For many British Columbians, ICBC is the public auto insurer.
But in the world of weed, those four letters are an acronym for the International Cannabis Business Conference.
It's the only business-to-business cannabis gathering that takes place on both sides of the Atlantic Ocean.
Founded by Oregon-based medical-cannabis pioneer Alex Rogers, the third annual Vancouver event will be held at the Westin Bayshore on September 15 and 16.
It's billed as Planet Earth's premier cannabis networking event.
Among the presenters will be California Bureau of Cannabis Control chief Lori Ajax, four-time NBA-championship winning player and cannabis entrepreneur John Salley, and B.C. lawyer John Conroy, whose victories in the Supreme Court of Canada set the stage for legalization of pot in Canada.
Ajax will be interviewed by Jamie Shaw, a Vancouver craft cannabis advocate and chief communications and culture officer at Pasha Brands.
An after-party on a yacht will be held with DJ Muggs of the cannabis-loving band Cypress Hill—a reflection of Rogers' previous experience as a hip-hop events producer.
“I’m a magna cum laude political science graduate and I’ve been smoking weed every day since I was 16 years old,” the multilingual, globetrotting Rogers told the Straight by phone from Slovenia. “We’re normal people. I want to normalize it.”
To advance that objective, he puts on annual ICBC events in San Francisco, Barcelona, Berlin, and Bern, in addition to Vancouver. The last ICBC event in Zurich took place in a super-swank hotel.
Rogers is no Johnny Come Lately to cannabis. His mentor in the 1990s was pioneering cannabis-legalization advocate Jack Herer, author of The Emperor Wears No Clothes.
Rogers, like Herer, looks upon cannabis as a herb that should be completely decriminalized.
According to the ICBC founder, if someone is buying or selling cannabis without a licence, the worst outcome should be a civil fine or a penalty for not paying taxes on any earnings.
“As Jack used to say, we should treat it like tomatoes,” Rogers said.
Raised in a good upper-middle-class family in Minneapolis, Rogers headed off to Europe for 10 years. But he was busted in Germany, winding up in jail for a while.
"My sister went to Princeton and I went to prison," he quipped.
Once he was back in the United States, he started a medical cannabis clinic in Oregon, where weed had been decriminalized. Before long, he had thousands of patients, who were treated by doctors.
The only way people could get their medicine was to grow it themselves or find a surrogate to do this on their behalf.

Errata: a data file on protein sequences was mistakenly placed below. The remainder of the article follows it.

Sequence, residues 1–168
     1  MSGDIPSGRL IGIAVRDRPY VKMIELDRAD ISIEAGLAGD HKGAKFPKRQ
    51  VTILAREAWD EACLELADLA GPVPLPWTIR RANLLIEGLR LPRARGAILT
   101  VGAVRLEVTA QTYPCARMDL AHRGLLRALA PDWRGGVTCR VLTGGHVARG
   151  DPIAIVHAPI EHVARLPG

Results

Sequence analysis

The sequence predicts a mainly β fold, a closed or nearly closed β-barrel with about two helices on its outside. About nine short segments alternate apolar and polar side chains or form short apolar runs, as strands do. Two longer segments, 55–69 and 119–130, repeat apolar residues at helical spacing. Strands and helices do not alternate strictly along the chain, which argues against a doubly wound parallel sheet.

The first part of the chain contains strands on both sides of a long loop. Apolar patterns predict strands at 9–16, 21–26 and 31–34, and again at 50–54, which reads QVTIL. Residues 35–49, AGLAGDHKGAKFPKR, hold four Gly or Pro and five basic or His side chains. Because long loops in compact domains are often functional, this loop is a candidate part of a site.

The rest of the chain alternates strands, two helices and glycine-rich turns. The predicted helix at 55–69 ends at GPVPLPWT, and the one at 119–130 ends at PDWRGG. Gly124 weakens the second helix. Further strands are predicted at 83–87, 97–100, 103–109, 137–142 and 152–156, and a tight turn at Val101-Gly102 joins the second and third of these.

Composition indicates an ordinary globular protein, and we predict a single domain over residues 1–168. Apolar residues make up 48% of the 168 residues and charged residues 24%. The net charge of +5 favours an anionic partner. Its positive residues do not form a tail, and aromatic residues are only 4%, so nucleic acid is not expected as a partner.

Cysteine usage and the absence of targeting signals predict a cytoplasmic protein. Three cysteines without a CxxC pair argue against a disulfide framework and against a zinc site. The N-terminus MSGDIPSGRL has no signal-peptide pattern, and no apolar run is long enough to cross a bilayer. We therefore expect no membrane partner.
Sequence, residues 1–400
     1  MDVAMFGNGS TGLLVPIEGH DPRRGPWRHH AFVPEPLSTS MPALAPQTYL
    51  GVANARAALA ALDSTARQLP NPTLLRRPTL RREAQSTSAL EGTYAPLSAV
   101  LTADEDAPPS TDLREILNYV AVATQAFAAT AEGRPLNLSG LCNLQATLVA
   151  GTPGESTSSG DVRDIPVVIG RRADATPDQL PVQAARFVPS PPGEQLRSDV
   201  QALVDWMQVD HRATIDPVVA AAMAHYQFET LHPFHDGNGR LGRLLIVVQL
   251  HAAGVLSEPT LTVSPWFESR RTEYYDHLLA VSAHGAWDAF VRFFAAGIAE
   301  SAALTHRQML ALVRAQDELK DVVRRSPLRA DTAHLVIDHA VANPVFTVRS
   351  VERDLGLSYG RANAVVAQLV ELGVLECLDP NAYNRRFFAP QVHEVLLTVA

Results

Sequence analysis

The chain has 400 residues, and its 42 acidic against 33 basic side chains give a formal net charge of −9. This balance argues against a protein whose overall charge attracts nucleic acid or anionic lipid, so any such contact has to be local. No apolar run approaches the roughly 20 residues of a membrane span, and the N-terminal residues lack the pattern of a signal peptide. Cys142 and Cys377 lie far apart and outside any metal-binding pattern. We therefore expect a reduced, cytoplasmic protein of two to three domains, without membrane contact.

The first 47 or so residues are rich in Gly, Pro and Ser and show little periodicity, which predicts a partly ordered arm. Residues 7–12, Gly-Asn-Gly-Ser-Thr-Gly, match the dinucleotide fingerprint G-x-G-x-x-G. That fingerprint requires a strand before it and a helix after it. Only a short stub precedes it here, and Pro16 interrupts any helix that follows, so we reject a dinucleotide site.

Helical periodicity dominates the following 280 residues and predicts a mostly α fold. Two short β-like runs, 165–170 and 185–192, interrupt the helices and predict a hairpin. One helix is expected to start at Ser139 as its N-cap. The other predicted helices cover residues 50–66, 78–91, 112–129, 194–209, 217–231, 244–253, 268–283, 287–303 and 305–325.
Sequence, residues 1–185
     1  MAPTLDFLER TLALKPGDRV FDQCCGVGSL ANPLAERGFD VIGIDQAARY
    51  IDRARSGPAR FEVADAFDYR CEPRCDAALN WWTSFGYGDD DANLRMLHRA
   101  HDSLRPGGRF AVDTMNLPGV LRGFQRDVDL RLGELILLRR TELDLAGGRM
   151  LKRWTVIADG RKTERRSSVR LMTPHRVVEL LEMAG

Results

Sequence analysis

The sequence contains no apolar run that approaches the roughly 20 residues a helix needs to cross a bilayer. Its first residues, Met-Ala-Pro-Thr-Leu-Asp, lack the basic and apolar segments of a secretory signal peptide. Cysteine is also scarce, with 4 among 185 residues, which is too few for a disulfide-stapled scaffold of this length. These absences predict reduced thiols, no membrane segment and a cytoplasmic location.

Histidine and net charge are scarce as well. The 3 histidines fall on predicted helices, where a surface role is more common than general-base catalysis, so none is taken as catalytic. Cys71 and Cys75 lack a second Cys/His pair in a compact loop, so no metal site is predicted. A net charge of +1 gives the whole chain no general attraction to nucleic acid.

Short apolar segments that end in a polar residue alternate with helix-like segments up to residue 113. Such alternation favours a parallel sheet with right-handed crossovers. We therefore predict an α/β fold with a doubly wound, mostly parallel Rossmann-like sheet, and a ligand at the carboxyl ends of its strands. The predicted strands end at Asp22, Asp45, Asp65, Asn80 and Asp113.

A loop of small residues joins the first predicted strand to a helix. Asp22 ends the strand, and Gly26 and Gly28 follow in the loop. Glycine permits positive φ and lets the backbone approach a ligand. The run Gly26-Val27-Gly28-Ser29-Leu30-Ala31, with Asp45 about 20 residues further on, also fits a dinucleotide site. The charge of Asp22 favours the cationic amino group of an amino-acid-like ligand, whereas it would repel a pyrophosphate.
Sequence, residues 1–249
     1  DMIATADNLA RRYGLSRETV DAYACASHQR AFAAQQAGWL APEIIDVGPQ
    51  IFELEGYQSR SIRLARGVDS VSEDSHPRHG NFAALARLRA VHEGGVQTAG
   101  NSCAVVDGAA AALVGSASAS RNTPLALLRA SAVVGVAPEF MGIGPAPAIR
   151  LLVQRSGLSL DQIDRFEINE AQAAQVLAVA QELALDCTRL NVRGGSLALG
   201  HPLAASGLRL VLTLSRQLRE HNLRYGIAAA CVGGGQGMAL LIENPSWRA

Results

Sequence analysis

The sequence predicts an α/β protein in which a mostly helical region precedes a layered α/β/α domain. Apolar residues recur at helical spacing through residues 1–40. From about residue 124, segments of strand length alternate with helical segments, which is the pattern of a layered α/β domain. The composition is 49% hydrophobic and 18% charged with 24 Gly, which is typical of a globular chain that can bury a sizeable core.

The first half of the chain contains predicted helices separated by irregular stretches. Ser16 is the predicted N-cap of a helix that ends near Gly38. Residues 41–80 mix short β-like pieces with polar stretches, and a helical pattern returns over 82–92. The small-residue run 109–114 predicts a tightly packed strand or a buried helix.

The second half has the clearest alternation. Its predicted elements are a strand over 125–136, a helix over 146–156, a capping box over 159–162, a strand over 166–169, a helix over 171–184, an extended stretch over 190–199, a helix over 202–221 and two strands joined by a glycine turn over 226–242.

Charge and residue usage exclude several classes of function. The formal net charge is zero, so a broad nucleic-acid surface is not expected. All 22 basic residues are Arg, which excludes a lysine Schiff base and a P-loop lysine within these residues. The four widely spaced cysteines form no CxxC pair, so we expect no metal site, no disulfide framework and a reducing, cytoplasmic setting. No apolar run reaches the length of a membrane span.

"We weren't buying or selling weed in any shape or form," Rogers declared. "I had been scared straight, basically, after going to prison. I did and still do to this day what we call ancillary business."
The intense interest in medical cannabis led him to found the Oregon Marijuana Business Conference.
He said that a major turning point in public perceptions came when CNN medical correspondent, Dr. Sanjay Gupta, aired a major documentary touting the benefits of medical cannabis.
"It's so weird how watershed-y it was," Rogers recalled. "It's like damn—that's how mainstream news can affect soccer moms and grandmas in the Midwest. It was palpable."
Rogers said that he launched the Canadian conference in Vancouver over Toronto three years ago because he “felt really comfortable with all the freaks in Vancouver”.
“I guess I’m a big business guy in one way, but my heart is still pretty hippie,” Rogers said.
Shaw, a key player in Canada's compassion-club movement, has been working with Rogers and other old-school activists on these conferences from their inception.
“They do a really good job of connecting different sides of the industry that actually are aligned,” Shaw told the Straight in an interview at a West Side coffee shop. “They’ll bring in the suits but they’re the suits that actually respect the plant and respect the work that’s been done up to this point. It’s not the other suits.”
Along with them are those on the illicit side of the business. According to Shaw, that’s only because the legal frameworks aren’t working for these conference participants, and not because they’re ideologically opposed to the industry.
“It’s great to have those ties internationally now so that it doesn’t all go through the pharma channels and the banking channels,” she said.
Rogers described Vancouver as “one of our juggernaut events”, adding that he plans to increase the number of these conferences around the world.